"Good Afternoon, The information is very freshing and informative and will help facilitate my learning and understanding when working with students that have learning disabilities. Thank You, Donavin White "
09/24/2010:
"I have a Daughter who is now in 11th grade.I find this information very useful for my daughter. I really need some help, when she studies and go into a test she is very blank and can not remember what she had studied. I know i am late but its never too late becasue now i am worried about her when she will go in to colledge and i want her to do good. Is their classes or online course she can do to help her test skills. Can you please give me your advice, when this happen to her she does not do well and my tests. "
09/24/2010:
"'I have a daughter who is in 11th grad, but i find this information very useful for my daughter. She really need some help, when she study and go into a test she is very blank and can not remember what she had studied. Her test taking strategies were always bad, but now she is in 11th grade and i am worried what will happen to her in colledge. I know I am late but it never too late. Can you please give me your advice, when this happen to her, she do not do well and my tests. "
07/19/2010:
"Most students are unable to link knowledge and skills gained in schooling,in the actual classroom situation.And i acknowledge the valuable assistance of your program...thank you."
04/15/2010:
"needs improvement but great"
04/15/2010:
"i think this is a gerat resouce for childern teens and adults and etc for homeork exams and more"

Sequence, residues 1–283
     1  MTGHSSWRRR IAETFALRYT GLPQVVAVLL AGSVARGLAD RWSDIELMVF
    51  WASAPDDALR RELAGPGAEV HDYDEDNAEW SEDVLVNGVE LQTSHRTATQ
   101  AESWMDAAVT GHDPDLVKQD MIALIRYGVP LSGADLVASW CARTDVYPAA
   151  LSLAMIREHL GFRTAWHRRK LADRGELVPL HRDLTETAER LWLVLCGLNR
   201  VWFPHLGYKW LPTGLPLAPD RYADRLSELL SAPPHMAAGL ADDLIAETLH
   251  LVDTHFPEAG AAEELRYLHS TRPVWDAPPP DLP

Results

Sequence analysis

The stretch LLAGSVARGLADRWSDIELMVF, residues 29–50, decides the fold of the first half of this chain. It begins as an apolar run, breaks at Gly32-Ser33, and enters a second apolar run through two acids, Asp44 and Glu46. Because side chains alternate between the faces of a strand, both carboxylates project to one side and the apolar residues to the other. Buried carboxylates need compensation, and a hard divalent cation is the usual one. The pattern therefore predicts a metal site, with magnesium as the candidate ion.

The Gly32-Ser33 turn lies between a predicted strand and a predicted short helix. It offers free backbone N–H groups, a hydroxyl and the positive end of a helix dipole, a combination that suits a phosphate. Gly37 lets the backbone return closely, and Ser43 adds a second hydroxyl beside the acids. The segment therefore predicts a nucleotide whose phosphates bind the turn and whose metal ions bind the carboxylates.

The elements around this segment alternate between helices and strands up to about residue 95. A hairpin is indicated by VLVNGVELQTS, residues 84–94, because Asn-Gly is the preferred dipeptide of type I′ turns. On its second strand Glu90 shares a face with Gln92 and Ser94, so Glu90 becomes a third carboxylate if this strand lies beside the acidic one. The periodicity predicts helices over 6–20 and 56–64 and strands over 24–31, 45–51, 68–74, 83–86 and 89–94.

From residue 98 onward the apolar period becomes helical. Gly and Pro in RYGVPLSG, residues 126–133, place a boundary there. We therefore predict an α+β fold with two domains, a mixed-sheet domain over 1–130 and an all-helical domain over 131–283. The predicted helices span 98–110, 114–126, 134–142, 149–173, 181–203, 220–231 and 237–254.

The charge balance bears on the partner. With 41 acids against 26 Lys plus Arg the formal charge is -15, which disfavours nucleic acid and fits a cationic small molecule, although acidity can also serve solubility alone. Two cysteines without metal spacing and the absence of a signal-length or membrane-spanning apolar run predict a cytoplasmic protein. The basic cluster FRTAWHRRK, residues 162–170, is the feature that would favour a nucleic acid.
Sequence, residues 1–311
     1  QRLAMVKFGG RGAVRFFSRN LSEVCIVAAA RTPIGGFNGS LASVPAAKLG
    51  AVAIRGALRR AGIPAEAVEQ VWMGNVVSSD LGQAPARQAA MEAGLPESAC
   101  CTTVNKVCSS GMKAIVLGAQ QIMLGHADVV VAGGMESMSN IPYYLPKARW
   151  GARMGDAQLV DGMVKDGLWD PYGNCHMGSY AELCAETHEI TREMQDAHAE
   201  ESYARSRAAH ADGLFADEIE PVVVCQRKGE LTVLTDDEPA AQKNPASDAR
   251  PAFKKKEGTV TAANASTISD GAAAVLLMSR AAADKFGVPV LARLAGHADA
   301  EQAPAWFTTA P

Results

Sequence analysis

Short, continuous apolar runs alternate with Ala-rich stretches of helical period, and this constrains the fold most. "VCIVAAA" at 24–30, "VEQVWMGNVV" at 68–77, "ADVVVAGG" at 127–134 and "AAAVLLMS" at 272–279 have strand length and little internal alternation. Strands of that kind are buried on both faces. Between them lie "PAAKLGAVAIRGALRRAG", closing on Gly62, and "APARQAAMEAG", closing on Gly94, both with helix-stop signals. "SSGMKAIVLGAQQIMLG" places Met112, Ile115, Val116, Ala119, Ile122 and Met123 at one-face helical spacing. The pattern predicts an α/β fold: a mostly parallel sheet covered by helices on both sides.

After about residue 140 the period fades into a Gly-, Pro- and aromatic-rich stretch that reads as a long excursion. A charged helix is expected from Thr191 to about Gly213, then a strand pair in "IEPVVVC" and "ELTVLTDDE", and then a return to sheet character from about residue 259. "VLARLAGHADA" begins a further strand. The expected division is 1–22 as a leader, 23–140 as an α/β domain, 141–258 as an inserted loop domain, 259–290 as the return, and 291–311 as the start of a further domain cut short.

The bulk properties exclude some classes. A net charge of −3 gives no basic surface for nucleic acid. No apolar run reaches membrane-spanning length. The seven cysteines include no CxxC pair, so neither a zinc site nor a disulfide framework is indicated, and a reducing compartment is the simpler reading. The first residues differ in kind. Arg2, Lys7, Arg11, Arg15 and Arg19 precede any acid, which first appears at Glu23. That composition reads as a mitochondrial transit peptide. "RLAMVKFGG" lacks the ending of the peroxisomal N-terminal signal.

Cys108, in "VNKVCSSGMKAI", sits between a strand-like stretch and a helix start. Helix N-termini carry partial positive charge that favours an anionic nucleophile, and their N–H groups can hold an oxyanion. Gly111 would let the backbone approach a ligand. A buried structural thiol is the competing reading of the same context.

02/2/2010:
"i thought this was good article because all people can work and do things .But some people have different ways of learning and work "
01/6/2010:
"it is effective but needs improvement"
11/19/2009:
"I found this to be a very resourceful site! Being a special ed teacher, I have many students who need these strategies. I have even suggested many of my parents to view this site. Thanks!"
09/10/2009:
"I have found this article to be very helpful and I plan to give it a try. Thanks!"
06/8/2009:
"I do not have a child, but I find this information very useful for myself. I really need some help, when I study and go into a test I am very blank and can not remember what I had studied. I am now in college doing my pre-requsite courses. Can you please give me your advice, when this happen to me I do not do well and my tests."
10/1/2008:
" great!i find it very useful ! do you have any sample test about study habits and learning attitudes of students that i could use/ reference to my thesis? tnx"
03/5/2008:
"Conserning multiple choice questions. The fact remains that a large number of student have problems trying to figure out the right answer. Where by most of it is by guess work. How do we help students to avoid these during exams, especially when dealing with students with learning disabilities?"
02/19/2008:
"This was great-however I am at the point where I need more specifics on how to retain memorized facts that seems to slip away the next morning after studying."
02/4/2008:
"this was very useful. thanks."